The sign-up sheet to help with the office picnic goes up, and you’re ready to lend a hand. Not so fast, sister. Have you thought through how busywork like this is impacting your career? Because it is.
Women are expected to be helpful, to take the notes, volunteer at the parties, plan and clean up after the meetings. Harvard Business School professor Rosabeth Moss Kanter even coined a phrase for it: "office housework." All that helpfulness comes with a price tag for your career.
1. It Eats Your Time
Like it or not, we have a finite amount of time with which to get things done. Ever since seeing Avatar I’ve longed for a blue body-double who would continue working for me as I slept. Until that sci-fi concept becomes a reality, there is only so much we can cram in a day. If you’re using up your precious hours and minutes making a cupcake run for your co-workers, that’s eating up time you could have spent on career-enhancing work.
2. Your Deliverables are Impacted
Let’s say you're spending about 3% of your time on busywork that your male co-worker is spending on his strategic priorities. That doesn’t seem like a huge deal, until you calculate the impact over a year. If you work 40 hours a week (I know, as if!), and take two weeks of vacation, you’ll have spent 60 hours - a week and a half – of your year working on activities that are not driving your results! Yikes. Imagine how another week and a half of time spent our your strategic deliverables would positively impact your results.
3. Your Professional Brand is Compromised
Who has more leadership credibility - the person running the meeting or the person taking the meeting notes? Unless you actually are an executive assistant, you don’t want your professional brand tied to administrative tasks like note taking and meeting planning. If you’re always the one volunteering or relegated to these types of tasks, your brand is taking a hit.
The good news is that it’s easy to still be seen as helpful and not let office housework negatively impact your career. Here's what you should do:
Set a goal & track your time.
Half the battle is in understanding how much time you’re spending on busywork right now. Track your time for a month, and you’ll likely be surprised how much time you’re spending on activities outside your job description. Determine what amount of time you’re willing to spend, and hold yourself accountable to that target.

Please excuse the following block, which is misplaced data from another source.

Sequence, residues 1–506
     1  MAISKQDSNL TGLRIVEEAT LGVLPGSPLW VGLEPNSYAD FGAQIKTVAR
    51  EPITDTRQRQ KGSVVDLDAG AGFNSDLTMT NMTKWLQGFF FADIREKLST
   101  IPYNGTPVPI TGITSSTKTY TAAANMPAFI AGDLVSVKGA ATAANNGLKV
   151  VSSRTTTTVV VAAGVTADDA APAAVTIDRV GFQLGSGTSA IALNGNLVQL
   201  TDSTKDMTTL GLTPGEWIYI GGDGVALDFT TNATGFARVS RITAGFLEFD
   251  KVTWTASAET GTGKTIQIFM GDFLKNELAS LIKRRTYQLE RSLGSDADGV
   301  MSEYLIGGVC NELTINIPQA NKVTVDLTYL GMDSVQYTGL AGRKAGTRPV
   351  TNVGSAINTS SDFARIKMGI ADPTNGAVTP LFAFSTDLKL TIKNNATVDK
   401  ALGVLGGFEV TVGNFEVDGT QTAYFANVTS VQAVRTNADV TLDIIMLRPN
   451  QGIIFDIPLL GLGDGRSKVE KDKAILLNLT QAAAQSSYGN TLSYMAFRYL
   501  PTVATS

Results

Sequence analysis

Using the same 40 hours a week, two weeks vacation scenario, if you’re willing to spend 1% of your time chipping in and helping on non-strategic activities, you’re looking at roughly 30 minutes a week.
Not all office housework is created equally. There are some company meetings and events that it might actually benefit you to participate in. Will you get exposure to key leaders or clients? Does it offer an opportunity to build relationships with people in areas of the business you want to know more about? Will it allow you to participate in meetings that would otherwise be closed to you? Those are the busywork activities to target.
Suggest practices of inclusive teams.
Most leaders don’t realize the impact of office housework on the women that work on their teams. I have yet to work with a leadership team who doesn’t want to change it once they’ve been made aware. Be proactive and bring the topic up with your boss or team. The next time you get together, discuss how women are unconsciously expected to take on busywork and suggest the practices of inclusive teams. Suggest that instead of office housework activities such as note taking, meeting planning and event coordination being filled on a voluntary basis, the team rotates the responsibilities.
You’ll be surprised at how easy it is to change the norm.
Mo is the Founder of The Moxie Exchange, a training and peer mentoring organization for companies who want to recruit, develop, promote and retain women and create inclusive workplaces. She’s an advisor to CEOs of the nation’s fastest growing companies and is the founder 5 successful businesses. She also been known to sing loudly, dance badly and curse like a sailor.
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